Reading Response 6: A Greco-Roman Lens
Cleopatra VII is like the most famous Queen of Egypt in all of ancient history – and she’s not even Egyptian! Cleopatra was the last in a long line of Ptolemies, a Greek family, that portrayed themselves as pharaohs and ruled from Egypt proper. During the 1st century BCE, however, the Mediterranean was in turmoil and Rome was rapidly expanding its power across the Mediterranean. Egypt, and Cleopatra, couldn’t help but be caught up in the hurricane that was the burgeoning Roman Empire.
Because of the mixing of cultures during this time, the sources we have about the life of Cleopatra mainly come from Greek and Roman writers, rather than Cleopatra herself. In this module, I want you to think about the the reliability and biases of different types of sources. We have very few sources from Egypt written by Cleopatra herself (amazingly, however, we do have her signature!). We also get a 1st-hand account from a Roman source – Julius Caesar – who was writing an autobiography as he traveled throughout the Mediterranean slaughtering people by the thousand. Finally, we have in-depth references to Cleopatra’s life in a biography by a Greco-Roman historian writing 200 years after her death.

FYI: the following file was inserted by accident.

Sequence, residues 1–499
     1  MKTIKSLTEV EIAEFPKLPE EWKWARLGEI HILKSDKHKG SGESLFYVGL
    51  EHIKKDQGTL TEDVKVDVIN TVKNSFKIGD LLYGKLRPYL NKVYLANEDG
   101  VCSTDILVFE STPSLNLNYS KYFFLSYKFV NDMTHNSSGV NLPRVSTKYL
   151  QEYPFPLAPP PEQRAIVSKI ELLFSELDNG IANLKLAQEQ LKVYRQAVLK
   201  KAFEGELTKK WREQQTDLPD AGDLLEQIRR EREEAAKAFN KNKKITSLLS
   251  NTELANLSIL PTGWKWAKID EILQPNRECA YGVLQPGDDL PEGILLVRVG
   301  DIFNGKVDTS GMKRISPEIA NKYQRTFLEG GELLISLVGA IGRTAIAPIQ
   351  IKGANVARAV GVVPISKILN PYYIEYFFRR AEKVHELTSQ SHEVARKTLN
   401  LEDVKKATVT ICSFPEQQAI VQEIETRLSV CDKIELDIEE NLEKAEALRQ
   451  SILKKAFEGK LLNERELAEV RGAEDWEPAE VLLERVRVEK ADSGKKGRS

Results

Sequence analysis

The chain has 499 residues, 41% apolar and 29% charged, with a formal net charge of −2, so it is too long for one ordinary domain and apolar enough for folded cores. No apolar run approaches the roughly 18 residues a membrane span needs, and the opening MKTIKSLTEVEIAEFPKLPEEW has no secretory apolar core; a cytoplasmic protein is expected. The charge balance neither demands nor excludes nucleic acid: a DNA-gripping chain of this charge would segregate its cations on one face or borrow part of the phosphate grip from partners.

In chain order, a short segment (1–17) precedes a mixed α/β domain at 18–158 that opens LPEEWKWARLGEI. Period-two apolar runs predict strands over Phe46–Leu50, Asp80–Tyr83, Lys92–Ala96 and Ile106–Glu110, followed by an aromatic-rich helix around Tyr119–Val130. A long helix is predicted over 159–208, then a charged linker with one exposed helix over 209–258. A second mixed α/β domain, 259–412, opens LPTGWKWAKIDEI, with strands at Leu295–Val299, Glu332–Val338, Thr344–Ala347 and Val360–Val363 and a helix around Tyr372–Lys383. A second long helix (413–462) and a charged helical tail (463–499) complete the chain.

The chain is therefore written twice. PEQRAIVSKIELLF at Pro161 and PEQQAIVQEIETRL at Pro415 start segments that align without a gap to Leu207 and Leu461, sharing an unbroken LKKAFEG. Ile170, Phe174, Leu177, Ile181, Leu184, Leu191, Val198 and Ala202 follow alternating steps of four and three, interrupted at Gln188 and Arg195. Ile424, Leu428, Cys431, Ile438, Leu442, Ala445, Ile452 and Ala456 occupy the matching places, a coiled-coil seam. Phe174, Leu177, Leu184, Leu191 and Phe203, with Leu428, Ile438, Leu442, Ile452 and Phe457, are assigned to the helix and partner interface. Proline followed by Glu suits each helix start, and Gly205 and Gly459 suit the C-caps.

For this assignment, I want you to do two things. First, I want you to spend 150+ words describing what we can learn about Cleopatra from each of the three sets of sources (Egyptian, Caesar, and Plutarch). Second, I want you to write 150+ words on the reliability and biases of these three sets of sources. Which is the ‘best’ source and why? Do you trust Caesar’s source more because he was there first hand? Or might he have had his own biases? Plutarch was writing centuries after her death; is he a reliable source? Consider which type of source is most useful for reconstructing a history of Cleopatra.